Katerina Vrana’s multinational show is the kind of comedy gold that makes the Free Fringe all the more worthwhile. A gigantic-haired Greek living in Britain, Vrana’s hilarious hour long slot is built on differences between the two cultures to much comedic effect.
She admits with great confidence that hers is a show built on stereotypes, but while some comedians might have found it difficult not to err on the side of offensive with this sort of material, Vrana succeeds in poking fun in the most affectionate of manners. Brits, for example, are exquisitely teased for everything from their dependence on tea-drinking and the constant dreary weather, to their passive-aggressive letter writing and love of queues. If you’re a Brit, these may all seem like gags you have heard before, but Vrana is able to place her own spin on humour that could have dried up eons ago and makes it new again. Similarly, her discussion of Greek customs, including tales about leering males, financial generosity and parties of epic proportion, plays on the stereotypes recognisable across the globe, simultaneously making them universally funny but also relatable to the diverse range of ethnicities that the Fringe brings to Edinburgh. For this is where her show really succeeds: she alienates nobody. We are all ridiculous caricatures of our upbringing, but despite our differences, the ability to laugh at ourselves is what brings us all together.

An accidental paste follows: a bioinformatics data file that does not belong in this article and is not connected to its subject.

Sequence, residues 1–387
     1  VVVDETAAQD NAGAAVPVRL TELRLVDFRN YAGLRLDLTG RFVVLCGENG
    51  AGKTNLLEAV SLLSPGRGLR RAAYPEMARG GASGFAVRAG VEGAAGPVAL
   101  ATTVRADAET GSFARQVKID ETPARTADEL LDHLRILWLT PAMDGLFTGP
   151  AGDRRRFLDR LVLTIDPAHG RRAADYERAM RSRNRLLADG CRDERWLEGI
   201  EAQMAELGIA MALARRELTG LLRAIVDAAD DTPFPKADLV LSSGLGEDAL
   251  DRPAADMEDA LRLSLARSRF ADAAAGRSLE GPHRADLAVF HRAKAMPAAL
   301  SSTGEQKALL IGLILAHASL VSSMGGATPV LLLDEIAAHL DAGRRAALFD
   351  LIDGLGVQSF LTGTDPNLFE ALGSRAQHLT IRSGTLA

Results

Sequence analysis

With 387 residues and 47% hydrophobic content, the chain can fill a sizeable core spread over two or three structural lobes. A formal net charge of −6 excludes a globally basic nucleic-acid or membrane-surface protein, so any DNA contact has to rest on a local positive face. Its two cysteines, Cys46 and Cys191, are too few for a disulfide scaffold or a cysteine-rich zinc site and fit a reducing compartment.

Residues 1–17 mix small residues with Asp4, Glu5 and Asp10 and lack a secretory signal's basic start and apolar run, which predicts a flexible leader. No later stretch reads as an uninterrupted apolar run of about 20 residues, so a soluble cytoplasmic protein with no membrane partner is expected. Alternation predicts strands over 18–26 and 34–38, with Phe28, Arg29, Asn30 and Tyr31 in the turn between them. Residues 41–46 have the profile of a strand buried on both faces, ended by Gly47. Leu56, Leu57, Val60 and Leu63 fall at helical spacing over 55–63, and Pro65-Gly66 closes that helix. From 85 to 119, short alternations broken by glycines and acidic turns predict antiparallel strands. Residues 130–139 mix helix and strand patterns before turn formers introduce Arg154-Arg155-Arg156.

This is her first foray onto the solo circuit, but she clearly has inexhaustible material and an abundance of personality to continue filling rooms for years to come. Definitely one to watch.